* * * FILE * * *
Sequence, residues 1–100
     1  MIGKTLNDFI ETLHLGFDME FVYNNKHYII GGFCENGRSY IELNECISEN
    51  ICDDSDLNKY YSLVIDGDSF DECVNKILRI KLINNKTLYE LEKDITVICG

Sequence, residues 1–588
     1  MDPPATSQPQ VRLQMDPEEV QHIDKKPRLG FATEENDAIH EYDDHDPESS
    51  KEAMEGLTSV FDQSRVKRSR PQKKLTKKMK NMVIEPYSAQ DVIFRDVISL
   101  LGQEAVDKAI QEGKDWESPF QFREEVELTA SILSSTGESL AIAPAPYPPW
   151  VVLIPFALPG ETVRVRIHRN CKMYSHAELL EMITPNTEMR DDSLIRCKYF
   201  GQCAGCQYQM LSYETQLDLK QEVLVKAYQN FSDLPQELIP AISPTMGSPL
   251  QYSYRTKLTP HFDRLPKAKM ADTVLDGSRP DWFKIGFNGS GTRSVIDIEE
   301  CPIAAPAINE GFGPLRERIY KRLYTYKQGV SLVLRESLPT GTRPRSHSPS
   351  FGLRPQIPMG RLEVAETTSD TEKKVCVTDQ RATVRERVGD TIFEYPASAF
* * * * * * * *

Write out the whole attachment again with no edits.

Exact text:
Sequence, residues 1–100
     1  MIGKTLNDFI ETLHLGFDME FVYNNKHYII GGFCENGRSY IELNECISEN
    51  ICDDSDLNKY YSLVIDGDSF DECVNKILRI KLINNKTLYE LEKDITVICG

Sequence, residues 1–588
     1  MDPPATSQPQ VRLQMDPEEV QHIDKKPRLG FATEENDAIH EYDDHDPESS
    51  KEAMEGLTSV FDQSRVKRSR PQKKLTKKMK NMVIEPYSAQ DVIFRDVISL
   101  LGQEAVDKAI QEGKDWESPF QFREEVELTA SILSSTGESL AIAPAPYPPW
   151  VVLIPFALPG ETVRVRIHRN CKMYSHAELL EMITPNTEMR DDSLIRCKYF
   201  GQCAGCQYQM LSYETQLDLK QEVLVKAYQN FSDLPQELIP AISPTMGSPL
   251  QYSYRTKLTP HFDRLPKAKM ADTVLDGSRP DWFKIGFNGS GTRSVIDIEE
   301  CPIAAPAINE GFGPLRERIY KRLYTYKQGV SLVLRESLPT GTRPRSHSPS
   351  FGLRPQIPMG RLEVAETTSD TEKKVCVTDQ RATVRERVGD TIFEYPASAF